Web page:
A standing wave is an undulatory motion that stays in one place. A sinusoidal standing wave includes stationary points of no motion, called nodes, and the wavelength is twice the distance between nodes.
The upper figure shows three standing waves in a box. The walls of the box are considered to require the wave to have nodes at the walls of the box (an example of boundary conditions) determining which wavelengths are allowed. For example, for an electromagnetic wave, if the box has ideal metal walls, the condition for nodes at the walls results because the metal walls cannot support a tangential electric field, forcing the wave to have zero amplitude at the wall.
The stationary wave can be viewed as the sum of two traveling sinusoidal waves of oppositely directed velocities. Consequently, wavelength, period, and wave velocity are related just as for a traveling wave. For example, the speed of light can be determined from observation of standing waves in a metal box containing an ideal vacuum.
Traveling sinusoidal waves are often represented mathematically in terms of their velocity v (in the x direction), frequency f and wavelength λ as:
where y is the value of the wave at any position x and time t, and A is the amplitude of the wave. They are also commonly expressed in terms of wavenumber k (2π times the reciprocal of wavelength) and angular frequency ω (2π times the frequency) as:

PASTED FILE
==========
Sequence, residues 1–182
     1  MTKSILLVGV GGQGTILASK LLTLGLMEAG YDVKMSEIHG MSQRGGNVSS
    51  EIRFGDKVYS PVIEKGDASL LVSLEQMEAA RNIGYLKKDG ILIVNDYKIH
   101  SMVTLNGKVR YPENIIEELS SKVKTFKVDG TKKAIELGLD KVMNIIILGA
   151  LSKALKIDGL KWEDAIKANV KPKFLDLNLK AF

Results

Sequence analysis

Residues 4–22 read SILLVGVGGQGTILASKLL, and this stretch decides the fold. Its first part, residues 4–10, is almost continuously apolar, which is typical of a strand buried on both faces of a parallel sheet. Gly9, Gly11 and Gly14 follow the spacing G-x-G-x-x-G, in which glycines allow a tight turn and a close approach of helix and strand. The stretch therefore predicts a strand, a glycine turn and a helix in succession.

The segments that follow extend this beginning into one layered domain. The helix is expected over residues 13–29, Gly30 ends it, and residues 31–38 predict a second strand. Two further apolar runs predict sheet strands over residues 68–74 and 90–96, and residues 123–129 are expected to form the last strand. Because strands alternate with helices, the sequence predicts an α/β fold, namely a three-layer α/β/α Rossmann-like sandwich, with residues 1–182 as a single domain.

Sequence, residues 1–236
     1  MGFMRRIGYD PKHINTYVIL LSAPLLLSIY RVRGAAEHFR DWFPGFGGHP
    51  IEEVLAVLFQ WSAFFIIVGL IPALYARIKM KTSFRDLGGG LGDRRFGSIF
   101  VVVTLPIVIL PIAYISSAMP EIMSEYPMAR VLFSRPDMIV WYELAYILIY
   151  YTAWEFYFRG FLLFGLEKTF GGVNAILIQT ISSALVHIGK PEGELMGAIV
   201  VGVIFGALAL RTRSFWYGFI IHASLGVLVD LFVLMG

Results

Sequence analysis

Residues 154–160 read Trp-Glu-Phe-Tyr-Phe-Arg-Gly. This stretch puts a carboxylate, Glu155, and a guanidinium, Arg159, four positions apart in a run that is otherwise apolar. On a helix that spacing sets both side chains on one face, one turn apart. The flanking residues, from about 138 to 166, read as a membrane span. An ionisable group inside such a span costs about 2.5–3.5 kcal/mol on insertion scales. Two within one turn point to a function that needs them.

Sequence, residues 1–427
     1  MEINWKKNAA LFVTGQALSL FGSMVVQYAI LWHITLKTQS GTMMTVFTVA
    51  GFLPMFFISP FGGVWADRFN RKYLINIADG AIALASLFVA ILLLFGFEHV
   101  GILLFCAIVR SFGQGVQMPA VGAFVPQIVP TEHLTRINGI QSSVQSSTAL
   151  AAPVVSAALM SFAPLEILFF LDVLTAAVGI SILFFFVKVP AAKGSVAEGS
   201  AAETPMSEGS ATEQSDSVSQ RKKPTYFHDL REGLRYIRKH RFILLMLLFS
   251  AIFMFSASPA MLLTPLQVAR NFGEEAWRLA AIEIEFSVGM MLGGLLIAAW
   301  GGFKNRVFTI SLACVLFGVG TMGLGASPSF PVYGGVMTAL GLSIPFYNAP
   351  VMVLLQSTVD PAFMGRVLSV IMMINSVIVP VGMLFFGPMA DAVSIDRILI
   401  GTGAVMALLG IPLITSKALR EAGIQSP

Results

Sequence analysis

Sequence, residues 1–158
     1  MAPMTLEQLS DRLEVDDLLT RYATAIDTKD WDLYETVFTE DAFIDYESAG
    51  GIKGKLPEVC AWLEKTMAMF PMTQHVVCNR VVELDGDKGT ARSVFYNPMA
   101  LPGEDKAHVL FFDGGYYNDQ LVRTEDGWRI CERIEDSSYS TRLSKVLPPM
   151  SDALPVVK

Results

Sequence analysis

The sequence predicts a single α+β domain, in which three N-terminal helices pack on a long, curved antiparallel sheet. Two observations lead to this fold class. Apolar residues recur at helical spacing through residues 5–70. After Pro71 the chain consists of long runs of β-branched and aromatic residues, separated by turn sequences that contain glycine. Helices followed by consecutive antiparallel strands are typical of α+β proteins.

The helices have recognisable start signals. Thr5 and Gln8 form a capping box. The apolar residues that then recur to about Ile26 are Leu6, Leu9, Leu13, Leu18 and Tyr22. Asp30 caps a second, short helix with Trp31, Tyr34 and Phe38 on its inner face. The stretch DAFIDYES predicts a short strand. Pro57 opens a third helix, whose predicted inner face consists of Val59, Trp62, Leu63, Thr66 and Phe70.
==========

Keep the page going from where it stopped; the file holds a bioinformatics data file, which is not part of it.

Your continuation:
in which wavelength and wavenumber are related to velocity and frequency as:
In the second form given above, the phase (kx − ωt) is often generalized to (k•r − ωt), by replacing the wavenumber k with a wave vector that specifies the direction and wavenumber of a plane wave in 3-space, parameterized by position vector r. In that case, the wavenumber k, the magnitude of k, is still in the same relationship with wavelength as shown above, with v being interpreted as scalar speed in the direction of the wave vector. The first form, using reciprocal wavelength in the phase, does not generalize as easily to a wave in an arbitrary direction.
Generalizations to sinusoids of other phases, and to complex exponentials, are also common; see plane wave. The typical convention of using the cosine phase instead of the sine phase when describing a wave is based on the fact that the cosine is the real part of the complex exponential in the wave
The speed of a wave depends upon the medium in which it propagates. In particular, the speed of light in a medium is less than in vacuum, which means that the same frequency will correspond to a shorter wavelength in the medium than in vacuum, as shown in the figure at right.
This change in speed upon entering a medium causes refraction, or a change in direction of waves that encounter the interface between media at an angle. For electromagnetic waves, this change in the angle of propagation is governed by Snell's law.